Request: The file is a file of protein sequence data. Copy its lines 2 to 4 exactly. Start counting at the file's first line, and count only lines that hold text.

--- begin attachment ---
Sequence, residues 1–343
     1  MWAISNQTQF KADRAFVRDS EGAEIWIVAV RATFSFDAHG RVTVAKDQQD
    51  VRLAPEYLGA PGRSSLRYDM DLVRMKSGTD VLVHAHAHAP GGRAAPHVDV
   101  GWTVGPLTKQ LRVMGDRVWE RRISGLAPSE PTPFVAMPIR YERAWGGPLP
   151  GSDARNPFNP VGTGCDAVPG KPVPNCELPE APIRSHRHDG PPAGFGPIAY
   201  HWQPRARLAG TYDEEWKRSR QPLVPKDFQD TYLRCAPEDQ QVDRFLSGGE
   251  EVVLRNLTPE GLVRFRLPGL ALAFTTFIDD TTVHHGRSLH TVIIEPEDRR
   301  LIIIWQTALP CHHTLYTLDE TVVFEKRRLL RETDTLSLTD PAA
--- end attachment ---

     1  MWAISNQTQF KADRAFVRDS EGAEIWIVAV RATFSFDAHG RVTVAKDQQD
    51  VRLAPEYLGA PGRSSLRYDM DLVRMKSGTD VLVHAHAHAP GGRAAPHVDV
   101  GWTVGPLTKQ LRVMGDRVWE RRISGLAPSE PTPFVAMPIR YERAWGGPLP